THURSDAY, FEBRUARY 02, 2012
DiScala’s socks one of many superstitions, traditions on men’s lax team
From left, David Goldman, Max Gurowski and Charlie Archer and their facial hair.
From left, David Goldman, Max Gurowski and Charlie Archer and their facial hair.
JU men’s lacrosse goalkeeper Alex DiScala wears the same pair of Nike socks for every game. And there’s no guarantee he’s going to wash them afterward.

DiScala, a senior from Glen Cove, N.Y., is but one of many on the Dolphins’ men’s lacrosse team that has some superstitions and traditions rivaling those put out by a National Hockey League team.

“It depends,’’ DiScala said on Tide meeting Nike after a game. “If we win … no.’’ In addition to the socks, he, like many of his teammates, has an IPod playlist of about 30 songs that will get a workout this season.

While DiScala seems to be going feet first, most of the team is involved in a hairy situation as they won’t be shaving until after their first win of the season. The growth, mostly but not limited to mustaches, started in early training camp so you can imagine the haggard looks that are starting to be.

The team also is looking for a song to play after every win. It will replace last year’s “Nothin’ But a Good Time.’’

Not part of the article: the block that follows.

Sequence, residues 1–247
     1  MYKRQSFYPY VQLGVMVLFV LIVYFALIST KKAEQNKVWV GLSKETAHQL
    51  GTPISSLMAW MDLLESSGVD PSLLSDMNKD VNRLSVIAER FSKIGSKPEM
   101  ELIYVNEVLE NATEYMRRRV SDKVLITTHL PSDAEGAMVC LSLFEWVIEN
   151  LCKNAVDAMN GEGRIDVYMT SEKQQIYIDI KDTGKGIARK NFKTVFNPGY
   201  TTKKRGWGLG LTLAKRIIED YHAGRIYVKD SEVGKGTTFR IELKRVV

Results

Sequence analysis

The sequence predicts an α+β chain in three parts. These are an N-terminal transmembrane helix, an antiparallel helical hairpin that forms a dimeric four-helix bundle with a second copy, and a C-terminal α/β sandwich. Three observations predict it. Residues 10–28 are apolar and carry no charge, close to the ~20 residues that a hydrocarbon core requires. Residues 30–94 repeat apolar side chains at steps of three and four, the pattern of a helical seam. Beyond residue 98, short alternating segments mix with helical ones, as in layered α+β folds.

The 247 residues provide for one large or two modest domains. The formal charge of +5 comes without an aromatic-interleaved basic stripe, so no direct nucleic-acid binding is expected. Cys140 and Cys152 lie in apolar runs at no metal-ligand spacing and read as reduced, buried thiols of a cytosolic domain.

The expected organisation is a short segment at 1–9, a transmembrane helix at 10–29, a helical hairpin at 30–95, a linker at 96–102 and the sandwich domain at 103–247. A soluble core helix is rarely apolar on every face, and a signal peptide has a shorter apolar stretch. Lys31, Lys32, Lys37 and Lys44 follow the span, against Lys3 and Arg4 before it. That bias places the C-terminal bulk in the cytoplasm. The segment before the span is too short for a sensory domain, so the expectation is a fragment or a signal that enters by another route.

More seriously, all the players have an ‘88’ somewhere on their helmets to honor teammate Corey Lovrich, who should be with the Dolphins but is waging a battle against cancer.

“We’re hoping to get stickers for our helmets,’’ captain Cameron Mann said.

While the team is honoring Lovrich, freshman Ari Waffle honors the Indian nation by wearing a dark purple t-shirt every game. It does get washed, thankfully.

“It’s something I started as a freshman in high school,’’ Waffle, who was born in Paraguay and came to JU from Manlius, N.Y., said. “On the front it says ‘Iroquois Confederacy’.’’ He says he can’t do without the shirt now.

The Confederacy is made up of six tribes, the Tuscarora, Mohawk, Oneida, Onondaga, Cayuga, and Seneca, which live in Canada and New York in the Lake Ontario areas.

Waffle says he feels a strong connection with the Onondaga tribe.

“I have a lot of friends there,’’ he said.

Closer to home, junior David Whelan, from Cary, N.C., admits that much of the team always goes to the same cafeteria to eat before a game, but beyond that he’s not much involved in pregame ritual.

“I try not to think of the game at all,’’ he said.

Which is something Mann can’t say.

The junior midfielder has plenty of superstitions and rituals pregame.

Like many, Mann will tape his stick the same way each time and listens to a pregame song. Last year’s tune was Eminem’s Lose Yourself; this year’s tune hasn’t been named yet.

He raises the bar by always eating a Snickers before a game along with washing it down with a Five Hour Energy Drink.

If that weren’t enough, Mann’s rituals actually start the night before a game when he sleeps with his sticks, all named, next to his bed.

“I used to sleep in the same bed with them,’’ he said.

So far, he has found one stick he will use in games and Nancy is looking for a companion or two.

It’s not that easy.

“They don’t get named,’’ Mann said, “until they prove they can play in a game.’’

- Jim Nasella